NEWPORT BEACH — What constitutes "Newport Beach standards" may depend on one's perspective.
Consider the residents of the Beach and Bay Mobile Home Park, near the Santa Ana River, and the owners of multi-million dollar oceanfront homes on Seashore Drive.
Soon, they may end up on the same city subcommittee and will have to find ways to solve their neighborhood's problems. The Neighborhood Revitalization Committee met for the first time this week, and officials are devising a list of under-performing areas and taking applications for citizen participants.
"We'd like our entire city to function at that very high level of quality of life," said Mayor Mike Henn, who chairs the committee. "We unfortunately have some portions of this city that perhaps do not."
Some areas under consideration include:
•The current City Hall site on Newport Boulevard and Lido Marina Village
•Balboa Village, the area near the Balboa Pier and the Fun Zone
•The gateway to Corona del Mar at MacArthur Boulevard
•Bristol Road South in Santa Ana Heights
•West Newport, such as Balboa Boulevard from the Newport Pier to Coast Highway, and West
Coast Highway near the Santa Ana River.
The committee is comprised of three councilmen — Henn, Rush Hill and Ed Selich — and will soon have groups representing each of the areas. At the next meeting, the committee is expected to decide on which areas to study.
Each "working group" will be asked to devise a plan for its neighborhood. The group could make recommendations like how to best reconfigure streets, improve public parking and landscape medians.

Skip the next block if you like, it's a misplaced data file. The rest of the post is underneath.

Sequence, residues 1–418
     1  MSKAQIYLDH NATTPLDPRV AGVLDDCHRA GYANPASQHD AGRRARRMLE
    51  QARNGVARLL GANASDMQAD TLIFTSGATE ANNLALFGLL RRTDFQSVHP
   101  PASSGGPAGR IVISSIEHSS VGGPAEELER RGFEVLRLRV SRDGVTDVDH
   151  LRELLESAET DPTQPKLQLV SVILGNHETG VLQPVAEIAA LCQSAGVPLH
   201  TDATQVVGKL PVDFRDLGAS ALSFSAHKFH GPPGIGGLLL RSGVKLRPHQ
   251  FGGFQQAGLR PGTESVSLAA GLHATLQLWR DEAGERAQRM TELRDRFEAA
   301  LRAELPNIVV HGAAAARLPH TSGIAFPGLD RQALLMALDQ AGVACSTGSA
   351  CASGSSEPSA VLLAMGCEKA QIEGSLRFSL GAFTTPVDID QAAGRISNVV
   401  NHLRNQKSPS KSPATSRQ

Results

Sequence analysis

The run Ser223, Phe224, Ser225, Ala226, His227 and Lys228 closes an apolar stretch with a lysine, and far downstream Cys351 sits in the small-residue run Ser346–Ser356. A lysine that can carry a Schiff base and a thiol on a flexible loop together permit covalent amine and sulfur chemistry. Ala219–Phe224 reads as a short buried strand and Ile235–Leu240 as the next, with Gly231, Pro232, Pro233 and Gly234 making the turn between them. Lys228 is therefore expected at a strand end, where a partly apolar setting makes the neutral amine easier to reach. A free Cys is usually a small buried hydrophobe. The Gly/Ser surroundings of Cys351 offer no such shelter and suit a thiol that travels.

In some instances, such as for Balboa Village, the group could recommend preferred commercial tenants based on economic studies, officials said.
"It's not that you want all high-dollar, but it doesn't seem to be the breadth of businesses possible [in Balboa Village]," said Councilwoman Nancy Gardner.
While Gardner has been involved in the Balboa Performing Arts Theater in Balboa Village, she represents Corona del Mar, which has considered reconfiguring Coast Highway near MacArthur Boulevard. That project might alleviate traffic jams and make the street friendlier for shoppers and diners.
Each subcommittee could have members of the local homeowners associations, business improvement districts, business owners and residents.
Hill said that projects coming out of the committee could be public, private or some sort of partnership between the two.
While the committee's monthly meetings will be announced beforehand, the three councilmen have the ability to meet without notifying the public and could involve local stakeholders in those closed-door meetings.
City officials plan to post citizen participant applications soon on the city website.